Icon Tax Group: IRS Revamps Fast Track Mediation for Tax Debts

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by Michael Lodge

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The Internal Revenue Service has created a new Fast Track Mediation program to resolve collection cases and issues more quickly for taxpayers with outstanding tax debts.

Revenue Procedure 2016-57, issued by the IRS last week, replaces the IRS’s Fast Track Mediation procedure with a new program, Fast Track Mediation—Collection. The FTMC program provides taxpayers who had cases in the IRS’s Small Business/Self-Employed division with an opportunity to resolve certain offer-in-compromise and trust fund recovery penalty issues and cases worked on by the IRS’s Collection function on an expedited basis, with an Office of Appeals mediator acting as a neutral party.

The IRS began testing Fast Track Mediation procedures in 2000 for taxpayers in the SB/SE division whose cases were being worked on in the Examination or Collection operating units. The FTM procedure allowed taxpayers to expedite their cases by going through an Appeals meditator acting as a third party. The IRS is now replacing the FTM program with the FTMC program because taxpayer requests for the program have been infrequent ever since it was introduced, particularly after the IRS expanded a similar program known as Fast Track Settlement nationwide in 2013.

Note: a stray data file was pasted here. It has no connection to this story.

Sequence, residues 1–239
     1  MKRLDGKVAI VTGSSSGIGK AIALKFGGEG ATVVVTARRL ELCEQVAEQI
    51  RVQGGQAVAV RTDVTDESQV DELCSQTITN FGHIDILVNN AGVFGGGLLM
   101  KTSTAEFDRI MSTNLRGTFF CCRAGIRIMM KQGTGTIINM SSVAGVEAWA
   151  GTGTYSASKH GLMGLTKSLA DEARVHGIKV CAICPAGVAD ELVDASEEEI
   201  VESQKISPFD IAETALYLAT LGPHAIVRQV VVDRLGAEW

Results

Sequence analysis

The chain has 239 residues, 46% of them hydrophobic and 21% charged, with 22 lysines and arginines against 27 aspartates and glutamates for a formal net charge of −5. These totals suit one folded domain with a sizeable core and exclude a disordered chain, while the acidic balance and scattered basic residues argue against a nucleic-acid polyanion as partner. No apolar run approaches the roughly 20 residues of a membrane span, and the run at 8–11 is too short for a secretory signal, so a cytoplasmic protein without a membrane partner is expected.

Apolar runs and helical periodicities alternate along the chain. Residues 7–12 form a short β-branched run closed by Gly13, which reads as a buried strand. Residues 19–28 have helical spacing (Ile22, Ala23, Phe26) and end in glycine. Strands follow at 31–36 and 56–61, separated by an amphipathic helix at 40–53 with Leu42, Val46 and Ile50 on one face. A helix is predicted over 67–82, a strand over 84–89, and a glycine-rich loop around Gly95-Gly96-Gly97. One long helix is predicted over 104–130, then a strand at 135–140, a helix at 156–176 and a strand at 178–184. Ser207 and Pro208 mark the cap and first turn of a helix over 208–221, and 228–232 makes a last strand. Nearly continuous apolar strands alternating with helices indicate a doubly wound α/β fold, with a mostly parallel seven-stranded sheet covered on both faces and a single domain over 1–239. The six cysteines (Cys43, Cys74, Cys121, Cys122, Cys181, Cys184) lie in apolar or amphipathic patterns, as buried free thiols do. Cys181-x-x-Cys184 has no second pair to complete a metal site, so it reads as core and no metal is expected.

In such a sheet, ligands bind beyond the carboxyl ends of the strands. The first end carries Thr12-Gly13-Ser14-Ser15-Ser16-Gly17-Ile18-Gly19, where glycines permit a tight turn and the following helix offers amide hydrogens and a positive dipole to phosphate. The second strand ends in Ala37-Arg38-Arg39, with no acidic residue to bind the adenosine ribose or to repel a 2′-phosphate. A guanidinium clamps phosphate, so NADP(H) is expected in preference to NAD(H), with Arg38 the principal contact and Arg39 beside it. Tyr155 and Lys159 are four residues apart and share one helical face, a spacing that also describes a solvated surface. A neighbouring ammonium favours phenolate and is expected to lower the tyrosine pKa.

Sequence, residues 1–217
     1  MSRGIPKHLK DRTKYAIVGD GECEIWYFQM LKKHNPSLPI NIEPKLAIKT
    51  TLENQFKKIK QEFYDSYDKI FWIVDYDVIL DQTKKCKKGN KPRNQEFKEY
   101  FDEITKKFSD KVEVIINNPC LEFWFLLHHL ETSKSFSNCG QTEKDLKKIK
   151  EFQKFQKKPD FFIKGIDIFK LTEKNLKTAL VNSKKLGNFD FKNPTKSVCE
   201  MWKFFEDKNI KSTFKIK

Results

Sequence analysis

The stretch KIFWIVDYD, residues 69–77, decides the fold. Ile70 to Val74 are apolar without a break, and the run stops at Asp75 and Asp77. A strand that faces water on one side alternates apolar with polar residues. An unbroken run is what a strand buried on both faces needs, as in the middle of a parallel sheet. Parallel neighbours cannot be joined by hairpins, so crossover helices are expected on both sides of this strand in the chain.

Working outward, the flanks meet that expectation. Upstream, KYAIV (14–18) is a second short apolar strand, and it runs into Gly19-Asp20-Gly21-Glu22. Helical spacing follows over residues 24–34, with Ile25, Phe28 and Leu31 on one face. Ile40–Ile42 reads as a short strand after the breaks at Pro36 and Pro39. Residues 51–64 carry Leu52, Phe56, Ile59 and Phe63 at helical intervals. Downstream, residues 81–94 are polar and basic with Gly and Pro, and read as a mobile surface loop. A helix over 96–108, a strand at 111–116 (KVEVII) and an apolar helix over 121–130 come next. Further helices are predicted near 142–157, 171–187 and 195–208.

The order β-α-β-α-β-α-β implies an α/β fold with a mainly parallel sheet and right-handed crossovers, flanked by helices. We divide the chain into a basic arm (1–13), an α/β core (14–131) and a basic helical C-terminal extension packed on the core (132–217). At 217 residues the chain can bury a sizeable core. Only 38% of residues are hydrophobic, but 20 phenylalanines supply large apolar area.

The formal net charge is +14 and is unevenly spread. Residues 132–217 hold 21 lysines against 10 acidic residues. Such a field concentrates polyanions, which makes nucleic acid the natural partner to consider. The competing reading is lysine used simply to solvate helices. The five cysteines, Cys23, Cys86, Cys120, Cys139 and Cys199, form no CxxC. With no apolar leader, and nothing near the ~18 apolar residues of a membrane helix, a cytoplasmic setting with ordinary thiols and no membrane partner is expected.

The Fast Track Settlement program, or FTS, is only available to taxpayers whose cases are being handled by the Examination unit, however, and it does not provide an expedited Appeals alternative dispute resolution opportunity for taxpayers whose cases are in Collection. Rather than eliminate the FTM program completely, the IRS has decided to replace it with the FTMC program to ensure taxpayers in Collection can still get an early opportunity for expedited resolution of their cases via mediation. But it is limited to certain offer-in-compromise and trust fund recovery penalty issues and cases that are worked on by the Collection unit. Other alternative dispute resolution programs, such as FTS, will remain available to taxpayers whose cases are being worked on in the Examination unit.

Like the older FTM program, the new FTMC program gives taxpayers the opportunity to resolve certain case and issue disputes on an expedited basis with an Appeals mediator acting as a neutral party. The Appeals mediator in the new FTMC program, as in the older FTM program, does not have settlement authority and cannot render a decision on any issue in dispute.

Although Collection is an operating unit of the IRS’s SB/SE division, all kinds of collection cases, regardless of the type of taxpayer, are handled by Collection. Thus, any type of taxpayer can participate in the FTMC program, not just small businesses and self-employed taxpayers, provided the taxpayer meets the eligibility requirements set forth in the revenue procedure and the taxpayer’s case is being worked on in the Collection function.